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Thursday, 31 January 2008 17:00

Allstate Pursues Supreme Court Certification To Review HB 1131

Allstate Insurance Company has filed an appeal to the U.S. Supreme Court regarding the Texas statute prohibiting insurance companies from owning collision repair shops. Just as children go from parent to parent to get the answer they want, Allstate has refused to accept lower court decisions, and, in a last ditch effort to own repair shops in Texas (under the Sterling banner), has asked the Supreme Court to review the previous decisions. 

The appeal comes after the U.S. Court of Appeals, 5th Circuit, New Orleans, affirmed the District Court ruling in the case of Allstate Insurance Co., et al., Appellants-Appellees vs. Greg Abbott, Etc., et al., vs. Automotive Service Association, et al on August 1, 2007.

Allstate’s request for certiorari addresses two questions:

•Whether state law discrimination against an inherently interstate means of doing business ... violates [this] Court’s precedents and conflicts with the contrary interpretations of other circuits.


•Whether the mere articulation of a purportedly legitimate state interest obviates the need for heightened scrutiny of legislation arising from an admittedly local economic protectionist motive under this Court’s precedents and conflicts with the contrary interpretations of other circuits.


ASA responds
The Automotive Service Association (ASA), along with Consumer Choice in Autobody Repair (CCAR) responded to the brief as an Intervenor, making the following points:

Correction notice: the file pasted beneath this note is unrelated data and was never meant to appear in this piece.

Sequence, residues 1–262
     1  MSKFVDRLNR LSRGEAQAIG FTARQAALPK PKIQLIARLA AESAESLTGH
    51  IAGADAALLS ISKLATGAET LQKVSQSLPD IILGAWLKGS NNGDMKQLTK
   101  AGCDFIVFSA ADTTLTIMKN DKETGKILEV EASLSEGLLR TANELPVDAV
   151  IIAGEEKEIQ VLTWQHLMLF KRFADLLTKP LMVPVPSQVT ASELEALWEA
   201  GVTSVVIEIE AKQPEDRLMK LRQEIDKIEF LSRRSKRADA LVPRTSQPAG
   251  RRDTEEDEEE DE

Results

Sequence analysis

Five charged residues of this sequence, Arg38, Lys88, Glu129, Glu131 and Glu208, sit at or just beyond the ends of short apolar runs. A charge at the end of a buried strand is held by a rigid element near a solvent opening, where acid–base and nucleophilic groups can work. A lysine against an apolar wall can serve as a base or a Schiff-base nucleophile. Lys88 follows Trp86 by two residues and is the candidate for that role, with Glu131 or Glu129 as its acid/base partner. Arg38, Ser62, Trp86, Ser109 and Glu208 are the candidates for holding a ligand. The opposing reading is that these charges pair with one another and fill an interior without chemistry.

•The McCarran-Ferguson Act removes this case from scrutiny under the Dormant Commerce clause.

•The Fifth Circuit applied the court’s settled precedent to determine that HB 1131 does not discriminate against interstate commerce. The Fifth Circuit analyzed whether HB 1131 had a discriminatory purpose using the correct legal standard and concluded it did not Furthermore, the Court never adopted the discriminatory effects analysis that petitioners claim the Fifth Circuit should apply.

•There are no circuit splits implicated by this case that warrant review.

Shortly after ASA filed its response, Allstate addressed the Intervenor’s brief, saying:

•The McCarran-Ferguson Act argument is an irrelevant diversion.

•The Fifth Circuit’s disregard of Exxon’s “Business Shifting” test creates a circuit split.

•Opposition highlights the need to clarify when firms are “similarly situation.”

•ASA’s opposition underscores the need to clarify whether this Court’s “Mixed Motives” test or the Fifth Circuit’s “Primary Purpose” test controls.

•The Intervenors’ opposition confirms the need for this Court’s guidance in establishing discriminatory purpose.

And so the waiting game continues.


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